|The Inner Gatehouse, 2012|
|The 19th Century Gatehouse||Gatehouse from inside, 2012|
|Bird's eye view from the castle walls||Bridge across the moat to the inner gatehouse|
|On the summit||The well|
Beeston Castle is on top of the most spectacular outcrop in the county. The walk from the 19th century gatehouse to the top of the hill is steep, but the views from a height of 740 feet are well worth the effort. Arthur Mee mentions that on a clear day seven counties are visible. These must be Cheshire, Lancashire across the Mersey to the north, parts of Derbyshire and Staffordshire on the southern Pennines, the Wrekin in Shropshire, and in Arthur Mee's day, the old Welsh counties of Flint and Denbighshire. The Castle was built by Randle Blundevill, Earl of Chester, about 1220. More than four centuries later it was significant in the Civil War to control western parts of the County and after the war was sleighted. There is an outer and inner bailey separated by a deep rocky ditch which was crossed using a drawbridge.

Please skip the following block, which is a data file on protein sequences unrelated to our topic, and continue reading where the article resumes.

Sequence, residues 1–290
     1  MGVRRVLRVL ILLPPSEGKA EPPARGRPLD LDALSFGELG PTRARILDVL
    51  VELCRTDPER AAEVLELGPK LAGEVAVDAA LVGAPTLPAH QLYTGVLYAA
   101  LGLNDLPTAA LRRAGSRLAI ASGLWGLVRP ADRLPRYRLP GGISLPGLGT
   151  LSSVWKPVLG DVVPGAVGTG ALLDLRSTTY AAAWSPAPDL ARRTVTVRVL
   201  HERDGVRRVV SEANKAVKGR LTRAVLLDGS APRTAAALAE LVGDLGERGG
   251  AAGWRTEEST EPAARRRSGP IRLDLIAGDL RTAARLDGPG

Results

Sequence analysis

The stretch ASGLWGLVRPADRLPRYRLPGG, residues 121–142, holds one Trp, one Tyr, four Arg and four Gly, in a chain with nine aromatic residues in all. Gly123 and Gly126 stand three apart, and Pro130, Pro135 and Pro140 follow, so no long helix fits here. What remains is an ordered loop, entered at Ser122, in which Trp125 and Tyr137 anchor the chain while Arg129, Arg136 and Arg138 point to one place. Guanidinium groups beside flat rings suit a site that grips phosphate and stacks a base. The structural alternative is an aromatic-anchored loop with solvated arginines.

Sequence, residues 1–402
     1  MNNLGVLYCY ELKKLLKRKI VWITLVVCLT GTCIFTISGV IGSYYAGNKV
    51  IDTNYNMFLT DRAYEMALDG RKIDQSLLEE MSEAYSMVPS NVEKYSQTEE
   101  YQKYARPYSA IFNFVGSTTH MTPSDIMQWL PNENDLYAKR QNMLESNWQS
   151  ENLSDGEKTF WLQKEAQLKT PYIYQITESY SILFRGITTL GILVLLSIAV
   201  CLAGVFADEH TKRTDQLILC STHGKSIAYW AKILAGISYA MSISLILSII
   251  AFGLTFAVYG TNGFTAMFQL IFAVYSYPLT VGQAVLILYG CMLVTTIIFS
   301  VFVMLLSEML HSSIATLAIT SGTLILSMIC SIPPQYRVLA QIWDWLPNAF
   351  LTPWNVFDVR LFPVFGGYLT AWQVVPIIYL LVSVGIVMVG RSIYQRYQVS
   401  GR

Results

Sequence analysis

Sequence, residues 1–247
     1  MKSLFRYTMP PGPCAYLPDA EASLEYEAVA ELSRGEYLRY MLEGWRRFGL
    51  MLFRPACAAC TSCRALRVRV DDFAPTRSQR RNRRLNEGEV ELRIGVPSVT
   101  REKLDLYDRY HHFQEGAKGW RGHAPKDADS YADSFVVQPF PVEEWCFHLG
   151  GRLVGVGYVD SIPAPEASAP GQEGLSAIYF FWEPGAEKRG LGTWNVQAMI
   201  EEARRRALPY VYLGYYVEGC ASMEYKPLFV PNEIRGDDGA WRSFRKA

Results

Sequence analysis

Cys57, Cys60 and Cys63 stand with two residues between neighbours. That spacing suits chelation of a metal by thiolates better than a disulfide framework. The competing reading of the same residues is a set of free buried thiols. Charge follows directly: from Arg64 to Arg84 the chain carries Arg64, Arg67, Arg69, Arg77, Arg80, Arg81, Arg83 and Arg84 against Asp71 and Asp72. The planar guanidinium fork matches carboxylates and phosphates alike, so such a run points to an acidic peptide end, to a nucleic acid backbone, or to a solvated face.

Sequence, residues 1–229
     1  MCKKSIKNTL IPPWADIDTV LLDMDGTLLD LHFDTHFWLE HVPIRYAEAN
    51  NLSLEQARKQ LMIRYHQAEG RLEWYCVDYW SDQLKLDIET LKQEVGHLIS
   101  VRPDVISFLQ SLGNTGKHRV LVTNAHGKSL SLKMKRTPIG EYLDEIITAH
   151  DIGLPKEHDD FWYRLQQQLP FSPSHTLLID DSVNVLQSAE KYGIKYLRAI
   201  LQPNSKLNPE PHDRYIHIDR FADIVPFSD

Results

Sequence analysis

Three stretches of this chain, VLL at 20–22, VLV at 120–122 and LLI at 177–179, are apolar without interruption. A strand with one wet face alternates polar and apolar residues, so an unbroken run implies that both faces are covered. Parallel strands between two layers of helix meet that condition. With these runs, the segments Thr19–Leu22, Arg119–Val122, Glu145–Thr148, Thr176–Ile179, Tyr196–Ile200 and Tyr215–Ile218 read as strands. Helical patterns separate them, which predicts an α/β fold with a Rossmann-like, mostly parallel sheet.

The Buildings of England, Cheshire, by Nikolaus Pevsner and Edward Hubbard, Yale University Press, 2003, ISBN 0 300 09588 0
Arthur Mee's Cheshire, published by Hodder and Stoughton, London, 1938; fourth impression 1950.